Buddhist researchers seek to reveal link between heart, mind

Researchers at Hong Kong’s Center of Buddhist Studies have published findings that point to a connection between the heart and the mind.

Sam Littlefair
15 June 2017
Researchers found that the brain’s left middle occipital lobe, the precuneus, superior temporal lobe, and the right middle cingulate cortex were positively affected by mindfulness meditation.

Buddhism has long asserted a connection between the heart and the mind. The Sanskrit word citta and the Japanese word kokoro each translate to English as both “heart” and “mind.” Now, Buddhist researchers are trying to identify that connection.

“In many Buddhist teachings, they talk about the connection between the mind and the body, brain, and heart,” says Venerable Sik Hin Hung, a Buddhist monk and the director of the University of Hong Kong’s Center of Buddhist Studies. “There are obviously connections between the mind and the brain. We wanted to know: is there a way to find a connection between the mind and the heart?”

To answer that question, researchers monitored activity in participants’ brains and hearts. Then they had the participant practice mindfulness meditation. In a study published in Neuroscience Letters the researchers reported that mindfulness meditation reduced chaotic activity in the brain and the heart.

“Activities of the brain and heart became more coordinated during MBSR training,” reported the authors. “Mindfulness training may increase the entrainment between mind and body.”

“We wanted to know: is there a way to find a connection between the mind and the heart?”

Based on that finding, the researchers believe that science could be used to confirm that there is a definite heart-mind connection. They are hoping to use the same tools to measure other Buddhist experiences, like chanting, jhana meditation, and perhaps even enlightenment.

“Is there a way to understand enlightenment scientifically?” Hung wonders with a chuckle. Enlightenment is loosely defined, Hung acknowledges, and has stages. But, nonetheless, he says scientists might be able to measure it.

“By understanding the ultimate law of the universe, the Buddha was able to eliminate his defilements: greed, hatred, and ignorance. So, one way to measure if a person is enlightened is to measure whether he has any defilements. Does he still have greed, hatred, and ignorance? Does he still exhibit stress when he looks at something horrible? When you show him sexy pictures, does he still exhibit desire?”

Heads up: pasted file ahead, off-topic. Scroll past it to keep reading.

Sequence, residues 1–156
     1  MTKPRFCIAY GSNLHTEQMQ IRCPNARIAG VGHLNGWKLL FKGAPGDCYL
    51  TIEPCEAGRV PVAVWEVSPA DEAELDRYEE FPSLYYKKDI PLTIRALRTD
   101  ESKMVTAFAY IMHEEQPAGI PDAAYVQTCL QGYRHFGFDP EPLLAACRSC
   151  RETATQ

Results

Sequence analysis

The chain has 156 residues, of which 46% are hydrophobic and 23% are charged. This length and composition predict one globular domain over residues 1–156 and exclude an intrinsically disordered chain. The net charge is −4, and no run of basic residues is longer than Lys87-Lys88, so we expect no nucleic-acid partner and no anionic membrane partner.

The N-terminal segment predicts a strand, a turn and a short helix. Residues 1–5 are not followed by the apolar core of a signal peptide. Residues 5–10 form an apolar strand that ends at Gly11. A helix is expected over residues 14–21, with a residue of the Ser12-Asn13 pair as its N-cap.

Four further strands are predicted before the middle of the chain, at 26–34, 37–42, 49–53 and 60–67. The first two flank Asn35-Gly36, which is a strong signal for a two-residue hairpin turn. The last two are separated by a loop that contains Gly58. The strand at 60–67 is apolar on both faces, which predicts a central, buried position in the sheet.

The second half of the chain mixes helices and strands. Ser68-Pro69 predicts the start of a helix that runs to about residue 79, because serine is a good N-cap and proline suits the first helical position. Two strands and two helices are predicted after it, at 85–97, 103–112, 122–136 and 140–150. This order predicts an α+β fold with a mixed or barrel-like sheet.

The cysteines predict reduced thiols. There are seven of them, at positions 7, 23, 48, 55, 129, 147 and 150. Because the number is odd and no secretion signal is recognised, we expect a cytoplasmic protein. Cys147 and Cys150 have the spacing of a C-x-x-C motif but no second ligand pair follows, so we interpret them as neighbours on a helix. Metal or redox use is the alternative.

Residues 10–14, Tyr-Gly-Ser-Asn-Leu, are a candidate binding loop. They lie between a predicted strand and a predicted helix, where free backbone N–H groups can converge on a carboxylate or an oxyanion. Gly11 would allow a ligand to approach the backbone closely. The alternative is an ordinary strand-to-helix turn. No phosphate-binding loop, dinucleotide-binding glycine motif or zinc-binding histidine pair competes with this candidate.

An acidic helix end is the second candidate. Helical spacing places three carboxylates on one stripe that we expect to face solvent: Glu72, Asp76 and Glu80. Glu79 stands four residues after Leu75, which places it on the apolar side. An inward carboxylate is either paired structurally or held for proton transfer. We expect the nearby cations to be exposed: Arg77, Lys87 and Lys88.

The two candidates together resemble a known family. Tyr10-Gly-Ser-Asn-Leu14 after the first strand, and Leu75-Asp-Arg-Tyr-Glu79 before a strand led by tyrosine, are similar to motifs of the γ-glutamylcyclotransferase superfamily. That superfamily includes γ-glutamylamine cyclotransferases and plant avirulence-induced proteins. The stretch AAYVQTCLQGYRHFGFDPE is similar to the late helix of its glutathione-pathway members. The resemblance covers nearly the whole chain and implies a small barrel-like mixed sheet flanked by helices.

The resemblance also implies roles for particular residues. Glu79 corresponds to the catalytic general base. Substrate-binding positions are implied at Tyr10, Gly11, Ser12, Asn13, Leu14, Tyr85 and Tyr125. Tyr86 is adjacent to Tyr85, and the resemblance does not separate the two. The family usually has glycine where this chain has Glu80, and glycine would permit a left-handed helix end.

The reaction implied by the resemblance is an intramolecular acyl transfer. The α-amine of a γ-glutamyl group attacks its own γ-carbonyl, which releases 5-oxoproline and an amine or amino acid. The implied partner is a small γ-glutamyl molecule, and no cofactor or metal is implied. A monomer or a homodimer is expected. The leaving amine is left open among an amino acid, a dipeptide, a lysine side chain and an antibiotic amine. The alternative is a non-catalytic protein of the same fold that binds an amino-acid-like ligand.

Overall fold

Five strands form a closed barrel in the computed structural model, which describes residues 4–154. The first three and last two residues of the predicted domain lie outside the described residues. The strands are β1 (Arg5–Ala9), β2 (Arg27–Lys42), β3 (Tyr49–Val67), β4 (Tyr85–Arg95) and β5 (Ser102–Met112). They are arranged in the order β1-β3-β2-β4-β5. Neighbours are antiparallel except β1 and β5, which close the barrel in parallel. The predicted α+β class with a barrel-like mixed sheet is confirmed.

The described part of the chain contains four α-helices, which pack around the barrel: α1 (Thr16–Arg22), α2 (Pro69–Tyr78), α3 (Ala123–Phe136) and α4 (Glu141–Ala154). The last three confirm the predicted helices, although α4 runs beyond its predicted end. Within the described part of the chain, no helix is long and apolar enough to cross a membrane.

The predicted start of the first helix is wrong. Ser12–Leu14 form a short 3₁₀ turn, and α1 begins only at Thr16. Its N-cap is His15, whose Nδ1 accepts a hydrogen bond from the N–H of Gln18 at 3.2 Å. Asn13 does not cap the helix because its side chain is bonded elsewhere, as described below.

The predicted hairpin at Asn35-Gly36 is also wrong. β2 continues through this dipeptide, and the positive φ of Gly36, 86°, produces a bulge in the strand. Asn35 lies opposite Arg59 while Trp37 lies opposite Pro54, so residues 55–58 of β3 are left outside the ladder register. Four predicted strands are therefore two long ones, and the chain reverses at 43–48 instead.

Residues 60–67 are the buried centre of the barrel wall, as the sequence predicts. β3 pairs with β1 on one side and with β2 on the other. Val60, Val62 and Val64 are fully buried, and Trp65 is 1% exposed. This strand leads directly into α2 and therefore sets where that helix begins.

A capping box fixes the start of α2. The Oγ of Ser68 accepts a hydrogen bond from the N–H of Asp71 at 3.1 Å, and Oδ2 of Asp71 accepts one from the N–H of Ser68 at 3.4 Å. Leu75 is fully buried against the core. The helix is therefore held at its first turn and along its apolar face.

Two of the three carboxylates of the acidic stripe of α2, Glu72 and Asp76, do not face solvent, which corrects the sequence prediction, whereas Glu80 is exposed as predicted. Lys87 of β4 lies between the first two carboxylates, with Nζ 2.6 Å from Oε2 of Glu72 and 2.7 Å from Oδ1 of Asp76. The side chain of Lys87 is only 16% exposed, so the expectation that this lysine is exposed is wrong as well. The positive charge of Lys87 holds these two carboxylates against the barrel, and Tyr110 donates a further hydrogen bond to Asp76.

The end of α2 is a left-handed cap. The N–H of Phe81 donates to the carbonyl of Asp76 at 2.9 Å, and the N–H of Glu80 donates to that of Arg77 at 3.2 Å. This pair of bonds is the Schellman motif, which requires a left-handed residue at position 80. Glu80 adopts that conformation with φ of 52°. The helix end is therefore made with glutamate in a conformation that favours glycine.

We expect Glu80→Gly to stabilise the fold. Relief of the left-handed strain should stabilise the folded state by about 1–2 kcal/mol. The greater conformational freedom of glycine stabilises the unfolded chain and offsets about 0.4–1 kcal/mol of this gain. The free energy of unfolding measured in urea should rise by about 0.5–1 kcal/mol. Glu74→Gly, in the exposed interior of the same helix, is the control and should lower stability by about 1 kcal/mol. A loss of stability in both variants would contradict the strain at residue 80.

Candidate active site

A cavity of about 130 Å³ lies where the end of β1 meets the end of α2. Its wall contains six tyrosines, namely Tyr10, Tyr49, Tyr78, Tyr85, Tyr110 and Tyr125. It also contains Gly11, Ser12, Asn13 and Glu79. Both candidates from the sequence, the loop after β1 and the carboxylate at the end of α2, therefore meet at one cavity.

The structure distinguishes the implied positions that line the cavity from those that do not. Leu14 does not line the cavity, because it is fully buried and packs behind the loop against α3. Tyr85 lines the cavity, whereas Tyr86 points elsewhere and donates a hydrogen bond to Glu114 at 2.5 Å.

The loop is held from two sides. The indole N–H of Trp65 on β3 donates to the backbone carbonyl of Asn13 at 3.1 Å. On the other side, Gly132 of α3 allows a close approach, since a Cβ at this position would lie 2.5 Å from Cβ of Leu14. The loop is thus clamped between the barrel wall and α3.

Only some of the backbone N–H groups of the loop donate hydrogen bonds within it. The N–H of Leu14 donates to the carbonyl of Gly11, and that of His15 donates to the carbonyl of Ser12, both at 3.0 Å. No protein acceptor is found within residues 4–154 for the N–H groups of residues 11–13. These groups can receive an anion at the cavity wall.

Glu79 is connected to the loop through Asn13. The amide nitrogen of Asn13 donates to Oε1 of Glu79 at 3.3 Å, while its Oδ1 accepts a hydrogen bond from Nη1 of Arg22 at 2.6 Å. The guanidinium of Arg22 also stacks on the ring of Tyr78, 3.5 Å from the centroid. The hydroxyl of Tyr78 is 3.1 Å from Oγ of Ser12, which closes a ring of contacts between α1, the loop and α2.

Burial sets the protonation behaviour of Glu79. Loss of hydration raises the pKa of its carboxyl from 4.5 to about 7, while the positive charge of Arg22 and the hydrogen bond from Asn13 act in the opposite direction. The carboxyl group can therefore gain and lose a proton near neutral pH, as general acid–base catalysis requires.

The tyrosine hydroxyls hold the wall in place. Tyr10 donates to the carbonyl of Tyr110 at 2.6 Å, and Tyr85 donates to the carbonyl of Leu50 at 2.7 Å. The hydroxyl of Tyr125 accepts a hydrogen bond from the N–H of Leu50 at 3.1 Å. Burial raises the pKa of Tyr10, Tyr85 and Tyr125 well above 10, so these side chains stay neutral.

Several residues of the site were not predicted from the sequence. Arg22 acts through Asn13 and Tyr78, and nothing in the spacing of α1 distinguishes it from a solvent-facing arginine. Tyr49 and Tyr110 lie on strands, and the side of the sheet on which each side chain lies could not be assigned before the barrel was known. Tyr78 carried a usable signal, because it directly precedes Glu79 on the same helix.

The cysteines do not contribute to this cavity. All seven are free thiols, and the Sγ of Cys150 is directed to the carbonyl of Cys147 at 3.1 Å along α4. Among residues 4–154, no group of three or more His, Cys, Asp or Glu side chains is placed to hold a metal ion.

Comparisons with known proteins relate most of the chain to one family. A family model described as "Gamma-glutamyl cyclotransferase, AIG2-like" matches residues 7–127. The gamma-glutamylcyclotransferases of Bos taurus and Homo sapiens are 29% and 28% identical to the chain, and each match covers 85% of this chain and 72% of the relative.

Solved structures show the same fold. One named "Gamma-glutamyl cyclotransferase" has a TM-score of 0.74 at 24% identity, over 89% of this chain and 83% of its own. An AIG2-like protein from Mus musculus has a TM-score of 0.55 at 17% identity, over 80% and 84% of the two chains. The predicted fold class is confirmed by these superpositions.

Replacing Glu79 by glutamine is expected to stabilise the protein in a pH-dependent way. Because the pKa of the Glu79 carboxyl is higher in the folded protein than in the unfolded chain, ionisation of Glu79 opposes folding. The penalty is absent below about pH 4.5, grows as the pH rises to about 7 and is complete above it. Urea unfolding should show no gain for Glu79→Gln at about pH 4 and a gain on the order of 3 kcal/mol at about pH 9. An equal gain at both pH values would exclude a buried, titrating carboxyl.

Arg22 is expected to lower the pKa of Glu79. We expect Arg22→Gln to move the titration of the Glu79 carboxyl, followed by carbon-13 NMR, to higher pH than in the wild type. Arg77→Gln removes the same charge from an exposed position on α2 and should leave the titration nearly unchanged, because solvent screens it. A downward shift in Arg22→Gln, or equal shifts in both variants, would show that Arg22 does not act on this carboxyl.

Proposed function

In an unpublished study that explores this question, Hung and his team studied the brain of an experienced Buddhist meditator as he went through the eight stages of jhana practice — an advanced form of Buddhist concentration meditation.

“Usually our brain is disorganized. When he was going through the jhanas, it seems that his brain waves — alpha waves and gamma waves — became more synchronized. But we don’t know what it means yet. We only have one person who is able to do that. One person is not enough data.”

The researchers are also using the tools they developed in the mindfulness study to scientifically investigate the effects of other Buddhist practices. In another study, of twenty-one Buddhists, researchers studied the brains of participants as they chanted either “Amitabha,” the name of a Buddha, or “Santa Claus.” Chanting “Amitabha” was found to help modulate brain responses, where “Santa Claus” did not.

“The Buddha was able to eliminate his defilements: greed, hatred and ignorance. So, one way to measure if a person if a person is enlightened is to measure whether he has any defilements.”

“Many people use mindfulness, but people are not aware of the benefits of chanting,” says Hung. “Chanting Amitabha or Om Mani Padme Hum or even Holy Mary is just as effective in dealing with psychological suffering.”

Hung says Buddhism is at the core of all of the center’s work. “I’m a Buddhist monk. Buddhism has always incorporated what is important at the time. When people became interested in logic, there came Buddhist logic. When people were interested in mantra, there came along Buddhist mantra. Now, people are interested in science. We want to find ways to communicate with people using the latest scientific methods and knowledge.”

Hung and his team are not alone in that pursuit. Many other researchers have explored the effects of Buddhist practices and the fidelity of Buddhist theories. In addition to a wealth of research on the benefits of mindfulness meditation, researchers have found that exposure to Buddhist ideas makes people more tolerant and compassionate; that there is no fixed “self”, as expressed in the Buddhist concept of anatta; and that mind may be an intrinsic property of reality.

Sam Littlefair

Sam Littlefair

Sam Littlefair is the former editor of LionsRoar.com. He has also written for The Coast, Mindful, and Atlantic Books Today. Find him on Twitter, @samlfair, and Facebook, @samlfair.